It’s a sad fact: all water heaters fail eventually. Sometimes, you can catch the warning signs early enough to replace it without a catastrophic mess in your home or business. But what if you’re not so lucky? Would you know what to do if your water heater bursts?
While this is a stressful and highly inconvenient situation for anyone, it’s key that you act as quickly as possible. Here’s what you need to know to contain the damage and avoid further issues.
Why Do Water Heaters Burst?
There are a variety of different reasons a water heater may burst. Most commonly, failures are a result of one of the following:
- Sediment Buildup. Minerals from the water supplied to the tank settle at the bottom, shielding the water from the heat of the burner. This causes the water heater to continuously burn longer and longer, leading to decay.
- Corrosion. While your water heater does have a “sacrificial anode” rod that prevents rust from forming on the inner walls of the tank, that rod will eventually deteriorate. This leaves the tank susceptible to corrosion from rust.
- Excessive internal pressure. Water heaters have a pressure-relief valve (called the T&P valve) to keep internal pressure in check. However, if the valve is faulty, pressure can build up–which can even lead to an explosion.
- Broken or incorrectly calibrated thermometer. Higher heat means higher pressure. If the water heater’s thermometer isn’t working, the water heater will keep heating the water even if it’s getting too hot. This leads, again, to too much pressure within the tank.
There are a few things that could indicate that your water heater is malfunctioning, such as:
- Popping and knocking sounds from within the tank
- Rust-colored water
- Pressure-release valve constantly opening or is leaking
- Burn marks on the outside of the tank
- Overly loud blower motor
What to Do If The Water Heater Has Already Burst
When faced with a burst water heater, your first instinct might be to panic, but you need to move quickly to prevent any more damage.
1. Turn Off the Water Supply to the Tank
The first step you need to take is to stop the flow of incoming cold water to the tank. Usually, water will stop flowing into the heater once it’s full, but since the heater keeps emptying, it will keep pumping in more water.
Locate the water supply valve, which should be on top of the tank. Turn clockwise (remember: “righty-tighty”) until the water shuts off.
2. Turn Off the Power (Electric or Gas)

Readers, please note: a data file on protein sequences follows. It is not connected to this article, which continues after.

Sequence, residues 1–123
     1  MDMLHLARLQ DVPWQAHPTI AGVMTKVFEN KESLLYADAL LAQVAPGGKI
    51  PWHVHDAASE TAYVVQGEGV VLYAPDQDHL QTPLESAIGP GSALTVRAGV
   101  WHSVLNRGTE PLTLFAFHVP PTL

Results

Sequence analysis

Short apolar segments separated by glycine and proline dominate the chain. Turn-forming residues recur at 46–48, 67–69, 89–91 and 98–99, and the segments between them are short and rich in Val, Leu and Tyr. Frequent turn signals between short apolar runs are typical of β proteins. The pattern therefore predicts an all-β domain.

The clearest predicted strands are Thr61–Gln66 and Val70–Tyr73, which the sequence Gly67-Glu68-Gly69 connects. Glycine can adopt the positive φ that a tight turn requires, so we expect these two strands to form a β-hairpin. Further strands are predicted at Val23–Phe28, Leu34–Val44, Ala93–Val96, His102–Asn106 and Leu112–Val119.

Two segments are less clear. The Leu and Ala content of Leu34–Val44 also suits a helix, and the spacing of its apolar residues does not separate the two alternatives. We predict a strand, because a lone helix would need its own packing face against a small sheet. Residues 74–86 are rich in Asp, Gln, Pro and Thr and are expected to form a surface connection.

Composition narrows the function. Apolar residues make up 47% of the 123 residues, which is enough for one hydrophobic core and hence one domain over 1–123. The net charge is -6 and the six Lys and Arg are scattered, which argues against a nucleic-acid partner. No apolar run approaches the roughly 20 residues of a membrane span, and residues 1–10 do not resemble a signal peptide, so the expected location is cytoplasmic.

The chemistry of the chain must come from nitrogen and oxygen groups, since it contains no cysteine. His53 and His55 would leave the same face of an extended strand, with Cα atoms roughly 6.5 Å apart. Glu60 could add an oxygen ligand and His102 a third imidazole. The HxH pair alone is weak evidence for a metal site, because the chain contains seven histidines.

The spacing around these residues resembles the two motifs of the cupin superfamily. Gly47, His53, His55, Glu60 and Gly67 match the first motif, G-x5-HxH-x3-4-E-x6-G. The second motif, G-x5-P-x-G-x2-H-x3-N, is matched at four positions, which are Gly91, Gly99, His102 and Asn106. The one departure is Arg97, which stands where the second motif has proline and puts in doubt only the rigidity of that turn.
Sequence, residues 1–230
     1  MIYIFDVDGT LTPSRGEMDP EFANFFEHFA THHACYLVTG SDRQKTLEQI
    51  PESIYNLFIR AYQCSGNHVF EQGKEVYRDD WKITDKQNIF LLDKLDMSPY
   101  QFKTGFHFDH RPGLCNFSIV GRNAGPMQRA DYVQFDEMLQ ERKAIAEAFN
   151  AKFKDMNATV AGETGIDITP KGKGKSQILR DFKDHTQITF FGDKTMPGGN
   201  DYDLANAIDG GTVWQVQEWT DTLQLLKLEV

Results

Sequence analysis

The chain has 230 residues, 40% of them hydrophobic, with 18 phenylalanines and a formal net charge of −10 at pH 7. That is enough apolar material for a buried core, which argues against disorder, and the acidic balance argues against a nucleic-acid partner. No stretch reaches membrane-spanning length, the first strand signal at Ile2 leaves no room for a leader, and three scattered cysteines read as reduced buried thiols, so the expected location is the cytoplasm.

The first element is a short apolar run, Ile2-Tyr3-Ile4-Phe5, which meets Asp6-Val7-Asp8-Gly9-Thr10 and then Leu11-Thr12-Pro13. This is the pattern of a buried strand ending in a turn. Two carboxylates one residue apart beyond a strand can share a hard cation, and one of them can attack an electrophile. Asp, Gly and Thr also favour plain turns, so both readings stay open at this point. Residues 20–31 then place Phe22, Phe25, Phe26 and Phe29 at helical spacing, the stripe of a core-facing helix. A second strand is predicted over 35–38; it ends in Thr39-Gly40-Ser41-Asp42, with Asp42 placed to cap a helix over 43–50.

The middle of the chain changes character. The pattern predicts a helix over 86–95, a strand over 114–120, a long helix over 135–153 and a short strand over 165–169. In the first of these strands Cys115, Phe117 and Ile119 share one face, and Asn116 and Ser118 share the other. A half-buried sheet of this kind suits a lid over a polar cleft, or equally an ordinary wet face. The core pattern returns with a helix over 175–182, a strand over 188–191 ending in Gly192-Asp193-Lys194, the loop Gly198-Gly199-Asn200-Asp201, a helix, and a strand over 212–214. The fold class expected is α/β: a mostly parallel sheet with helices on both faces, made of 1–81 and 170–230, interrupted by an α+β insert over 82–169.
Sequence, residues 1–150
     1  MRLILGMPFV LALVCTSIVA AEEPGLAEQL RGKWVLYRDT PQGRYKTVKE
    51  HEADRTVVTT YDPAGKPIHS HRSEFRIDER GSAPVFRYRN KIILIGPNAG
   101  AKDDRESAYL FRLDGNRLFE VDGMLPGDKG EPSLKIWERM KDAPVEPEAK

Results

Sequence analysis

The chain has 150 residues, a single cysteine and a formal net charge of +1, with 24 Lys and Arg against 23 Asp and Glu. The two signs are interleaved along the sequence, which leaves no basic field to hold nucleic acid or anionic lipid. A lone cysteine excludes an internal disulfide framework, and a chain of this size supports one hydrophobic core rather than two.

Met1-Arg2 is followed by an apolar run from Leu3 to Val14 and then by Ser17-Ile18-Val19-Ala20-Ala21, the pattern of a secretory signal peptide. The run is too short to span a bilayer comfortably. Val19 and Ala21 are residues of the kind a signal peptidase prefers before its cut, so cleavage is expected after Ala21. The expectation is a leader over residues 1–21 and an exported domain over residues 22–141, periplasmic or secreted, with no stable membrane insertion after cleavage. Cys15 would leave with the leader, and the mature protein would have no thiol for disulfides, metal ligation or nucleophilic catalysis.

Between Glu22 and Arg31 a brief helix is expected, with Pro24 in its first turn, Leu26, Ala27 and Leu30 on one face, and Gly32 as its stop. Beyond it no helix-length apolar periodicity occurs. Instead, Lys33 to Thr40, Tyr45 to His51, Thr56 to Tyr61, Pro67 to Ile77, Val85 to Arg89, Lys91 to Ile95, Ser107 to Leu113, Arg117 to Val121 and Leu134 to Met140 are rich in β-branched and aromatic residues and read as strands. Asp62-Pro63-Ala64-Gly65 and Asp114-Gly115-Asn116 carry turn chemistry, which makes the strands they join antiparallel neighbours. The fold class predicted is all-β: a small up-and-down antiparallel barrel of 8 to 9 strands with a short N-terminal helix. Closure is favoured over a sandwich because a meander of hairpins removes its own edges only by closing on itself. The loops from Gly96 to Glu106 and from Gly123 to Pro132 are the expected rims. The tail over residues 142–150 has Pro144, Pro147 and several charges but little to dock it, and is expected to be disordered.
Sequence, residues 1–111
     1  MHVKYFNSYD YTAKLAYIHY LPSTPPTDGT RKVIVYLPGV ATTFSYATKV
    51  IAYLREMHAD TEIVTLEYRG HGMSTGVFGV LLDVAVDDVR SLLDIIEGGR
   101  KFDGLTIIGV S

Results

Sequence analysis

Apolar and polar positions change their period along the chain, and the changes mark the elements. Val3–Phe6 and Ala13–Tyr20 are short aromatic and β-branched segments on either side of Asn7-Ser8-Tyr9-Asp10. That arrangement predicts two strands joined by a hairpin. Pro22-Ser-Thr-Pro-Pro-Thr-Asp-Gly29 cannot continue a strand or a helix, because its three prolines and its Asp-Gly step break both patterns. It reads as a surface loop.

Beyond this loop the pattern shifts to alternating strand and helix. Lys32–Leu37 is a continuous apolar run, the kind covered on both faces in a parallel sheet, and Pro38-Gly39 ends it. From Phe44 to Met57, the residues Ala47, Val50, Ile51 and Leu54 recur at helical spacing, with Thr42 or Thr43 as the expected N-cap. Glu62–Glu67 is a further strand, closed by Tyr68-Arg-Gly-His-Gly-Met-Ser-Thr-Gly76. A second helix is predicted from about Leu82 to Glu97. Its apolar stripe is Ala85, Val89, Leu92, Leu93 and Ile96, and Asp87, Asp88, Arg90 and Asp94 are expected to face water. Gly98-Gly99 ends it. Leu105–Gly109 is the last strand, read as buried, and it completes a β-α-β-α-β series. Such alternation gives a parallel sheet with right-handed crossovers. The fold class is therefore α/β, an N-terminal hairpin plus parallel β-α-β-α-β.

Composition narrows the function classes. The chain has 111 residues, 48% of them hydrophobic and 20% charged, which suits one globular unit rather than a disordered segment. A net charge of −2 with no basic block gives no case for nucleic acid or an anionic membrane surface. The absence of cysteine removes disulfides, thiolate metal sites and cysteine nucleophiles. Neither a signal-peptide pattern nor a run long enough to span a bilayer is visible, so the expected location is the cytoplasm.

When the water temperature is high enough in a functional water heater, the power will shut off automatically. However, when water is spilling out continuously, the temperature monitoring system won’t work. If the water level gets so low that the heating plate isn’t covered, it can cause a fire.
You’ll need to manually turn off that power source. If your water heater is electric, locate the breaker box and flip off the power switch. If it’s gas-powered, turn off the gas line leading to the heater and stay away from the affected area until any natural gas is aired out.
3. Contact a Restoration Company
Once you’ve stopped the initial problem of water flowing out of the tank, it’s time to drain the water out of the area and assess the damage. This is going to be a difficult task to do on your own with the average wet vacuum. Instead, it’s highly advised you call a restoration professional with the necessary expertise and tools to get the job done.
Whether it’s AFC or another restoration company, Call for professional help as soon as possible. Because many insurance companies require you to prevent any further damage to the affected property, you may be denied coverage if you don’t deal with the issue right away. Not only that, bacteria and fungus can grow in the water after it becomes stagnant.
4. Call Your Insurance to Make a Claim
The last step is to get in contact with your insurance provider. They probably won’t cover the cost to replace the water heater, but they will help you repair the damage per your policy and deductible (assuming you’ve taken the steps above to prevent further destruction to the home or business).
Luckily, some restoration companies will help you in making a claim. For example, at AFC, we maintain direct contact with your insurance adjuster to assess the scope of the damage, facilitate payment, and determine a clear timeline of what you should expect.
Are you facing water damage from a burst water heater or elsewhere on your property? Making a claim while trying to coordinate repairs can be confusing and overwhelming, but we’re determined to make the process as expedient and easy for you as possible.